Nice guest piece from husband and wife team Ian and Vicki, who were once senior partners in an international law firm until they decided they wanted a new and creative project…

Soon after my husband and I retired from our twenty- five year careers in the world of corporate law, we began to risk losing our friends at social events with conversations that started with the words “being retired isn’t as easy as you might think, you know”. No-one was remotely sympathetic but for many people, a post retirement struggle is a surprisingly common experience. A friend of mine, who is a consultant psychiatrist, actually laughed out loud when I said we were finding it tough. “It’s a myth” she crowed “people like you can’t retire and it’s actually very dangerous to try”.

Our problem was that, as business people, we were hard wired to achieve and to be active. In the beginning, our retirement was like an extended holiday and it was as great as you’d expect for relieving years of stress and exhaustion. However, after a period of just a few months, we both started to feel listless, anxious, perhaps even slightly depressed. The problem is similar to an athlete who is used to exercising every day. We’d waited a long time to be free of the constraints of the rat race so expectations are very high – we were the lucky ones, right?

Behaviours change. In our quest to find what we were missing we started spending more, eating and drinking more and doing less and less. Demotivated and lethargic, we learnt the truth of the expression “if you want something done ask a busy person”.  Once jugglers of eight meetings a day, for us now a dental appointment constituted a busy morning!

Business people who successfully retire inevitably have a new arena to enter, a post retirement mission. It wasn’t enough for my husband to take up learning French or for me to do the school run.  A few hours at Alliance Francaise wasn’t going to replace the energy we once took from our work and the children started to find the new era mildly troubling. They didn’t want a suddenly clingy mum or Dad being embarrassingly chatty to their friends in the kitchen. A friend of mine who had also retired in his 40’s realised that he needed to make a change when, while discussing their parents’ jobs in class, his 6 year old paused puzzled for a few seconds and then told his teacher that he thought his dad’s job was “probably lying on the sofa”.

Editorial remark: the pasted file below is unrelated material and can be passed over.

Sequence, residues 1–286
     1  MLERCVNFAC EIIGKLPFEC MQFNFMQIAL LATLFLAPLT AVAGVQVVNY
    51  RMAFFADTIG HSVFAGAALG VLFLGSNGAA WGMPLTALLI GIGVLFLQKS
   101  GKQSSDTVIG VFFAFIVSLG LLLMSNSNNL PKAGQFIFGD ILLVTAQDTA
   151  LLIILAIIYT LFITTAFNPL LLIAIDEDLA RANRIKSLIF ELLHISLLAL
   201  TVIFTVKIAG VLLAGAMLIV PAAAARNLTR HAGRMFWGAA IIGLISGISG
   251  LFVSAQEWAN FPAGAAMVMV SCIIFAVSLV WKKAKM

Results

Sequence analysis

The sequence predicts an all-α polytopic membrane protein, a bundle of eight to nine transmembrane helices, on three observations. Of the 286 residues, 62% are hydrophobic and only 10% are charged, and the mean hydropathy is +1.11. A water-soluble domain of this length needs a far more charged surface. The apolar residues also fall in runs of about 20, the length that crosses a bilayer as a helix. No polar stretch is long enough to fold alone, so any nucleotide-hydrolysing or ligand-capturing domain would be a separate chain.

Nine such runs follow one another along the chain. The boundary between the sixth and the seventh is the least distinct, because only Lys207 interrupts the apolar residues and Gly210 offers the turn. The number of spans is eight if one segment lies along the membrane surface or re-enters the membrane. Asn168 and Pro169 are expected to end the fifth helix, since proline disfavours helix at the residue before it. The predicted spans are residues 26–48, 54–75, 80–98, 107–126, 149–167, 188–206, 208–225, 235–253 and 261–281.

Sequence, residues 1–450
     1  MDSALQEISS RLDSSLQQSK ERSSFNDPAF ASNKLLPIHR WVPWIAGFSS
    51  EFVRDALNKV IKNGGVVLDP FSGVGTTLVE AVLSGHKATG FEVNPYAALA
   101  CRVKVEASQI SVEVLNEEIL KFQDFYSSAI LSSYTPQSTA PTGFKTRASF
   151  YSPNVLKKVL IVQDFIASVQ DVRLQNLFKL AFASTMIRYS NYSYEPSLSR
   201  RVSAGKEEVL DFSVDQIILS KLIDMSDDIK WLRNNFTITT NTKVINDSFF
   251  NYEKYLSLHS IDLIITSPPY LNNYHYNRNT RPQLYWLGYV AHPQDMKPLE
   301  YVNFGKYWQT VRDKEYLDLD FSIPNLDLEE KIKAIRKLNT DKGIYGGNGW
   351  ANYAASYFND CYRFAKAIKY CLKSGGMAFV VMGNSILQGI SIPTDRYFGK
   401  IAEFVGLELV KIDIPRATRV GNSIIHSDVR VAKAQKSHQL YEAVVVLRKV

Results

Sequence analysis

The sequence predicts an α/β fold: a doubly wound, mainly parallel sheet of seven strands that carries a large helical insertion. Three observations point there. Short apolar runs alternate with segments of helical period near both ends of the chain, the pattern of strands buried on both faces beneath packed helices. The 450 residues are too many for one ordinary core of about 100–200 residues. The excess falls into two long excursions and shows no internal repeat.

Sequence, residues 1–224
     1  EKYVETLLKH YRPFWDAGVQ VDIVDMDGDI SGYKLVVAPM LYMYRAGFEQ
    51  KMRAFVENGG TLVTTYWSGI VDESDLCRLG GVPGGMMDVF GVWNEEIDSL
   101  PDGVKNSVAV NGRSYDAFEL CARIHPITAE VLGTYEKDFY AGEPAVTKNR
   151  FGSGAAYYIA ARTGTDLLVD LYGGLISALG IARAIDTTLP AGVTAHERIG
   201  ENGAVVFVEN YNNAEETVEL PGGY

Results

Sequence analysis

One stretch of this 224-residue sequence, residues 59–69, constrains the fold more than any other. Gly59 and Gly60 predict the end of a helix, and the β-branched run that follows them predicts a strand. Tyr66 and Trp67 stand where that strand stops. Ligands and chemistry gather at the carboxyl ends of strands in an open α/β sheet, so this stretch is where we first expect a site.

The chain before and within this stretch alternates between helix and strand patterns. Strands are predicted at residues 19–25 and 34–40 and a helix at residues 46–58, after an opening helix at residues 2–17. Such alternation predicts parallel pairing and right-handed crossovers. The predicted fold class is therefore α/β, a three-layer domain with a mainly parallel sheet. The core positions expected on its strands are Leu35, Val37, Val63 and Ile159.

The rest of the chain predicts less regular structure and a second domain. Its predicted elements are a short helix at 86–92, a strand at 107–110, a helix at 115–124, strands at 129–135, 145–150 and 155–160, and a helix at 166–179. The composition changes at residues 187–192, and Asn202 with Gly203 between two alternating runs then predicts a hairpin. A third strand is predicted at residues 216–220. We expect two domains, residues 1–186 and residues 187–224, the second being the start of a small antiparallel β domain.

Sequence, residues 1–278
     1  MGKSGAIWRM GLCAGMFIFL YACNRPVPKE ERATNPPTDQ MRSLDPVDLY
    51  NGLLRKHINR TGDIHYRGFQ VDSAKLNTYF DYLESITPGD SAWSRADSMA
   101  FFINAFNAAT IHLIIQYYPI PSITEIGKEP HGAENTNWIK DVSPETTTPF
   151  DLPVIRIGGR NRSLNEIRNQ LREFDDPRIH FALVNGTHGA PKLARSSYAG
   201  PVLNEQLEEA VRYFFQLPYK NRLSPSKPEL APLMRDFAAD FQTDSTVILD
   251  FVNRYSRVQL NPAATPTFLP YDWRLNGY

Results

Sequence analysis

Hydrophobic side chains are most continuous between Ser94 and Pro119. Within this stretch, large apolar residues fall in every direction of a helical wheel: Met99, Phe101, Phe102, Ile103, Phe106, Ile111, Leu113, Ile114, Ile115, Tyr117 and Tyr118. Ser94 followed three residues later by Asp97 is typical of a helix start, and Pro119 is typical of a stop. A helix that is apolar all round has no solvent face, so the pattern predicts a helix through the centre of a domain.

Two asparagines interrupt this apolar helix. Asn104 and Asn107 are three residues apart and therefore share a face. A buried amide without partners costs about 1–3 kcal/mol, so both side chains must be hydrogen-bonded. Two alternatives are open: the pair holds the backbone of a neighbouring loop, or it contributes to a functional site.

Obviously the issue isn’t just a problem for the retired parent. Without a life of their own and living vicariously through their children, retired parents can actually damage the children themselves. Even retired parents need to find their own meaning outside the family.

In our case there were two of us facing this post-retirement crash to earth. When finally my husband and I realised that our time of doing nothing was up, we lost no more time in setting about various projects and challenges. Our new development company built 11 homes.

We educated ourselves on the complex world of coloured diamonds and started to trade precious gems. We even set up our own hedge fund. In our most audacious move, we set up our clothing brand Scrumpies of Mayfair – designing, manufacturing and selling what we call “the world’s most beautiful knickers”. Almost straight away we started to feel that we were living again, happily immersed once more into the business world of strategy, decisions and risk.

Prior to our experience, we wouldn’t have believed we would have missed work once retired. However, the difference we felt once we started on projects again made it clear that we simply weren’t ready to tend the allotment yet. Retirement from one industry is a great opportunity to press the reset button but total retirement is not for everyone. We found that new challenges were key to our staying energised and motivated.  Just four years after leaving the solid and dependable, some would say boring, world of corporate law, we are happily established entrepreneurs selling knickers worldwide, living proof that a change is as good as a rest.

Edited and prepared by Amy Murphy, Journalism student from DCU.

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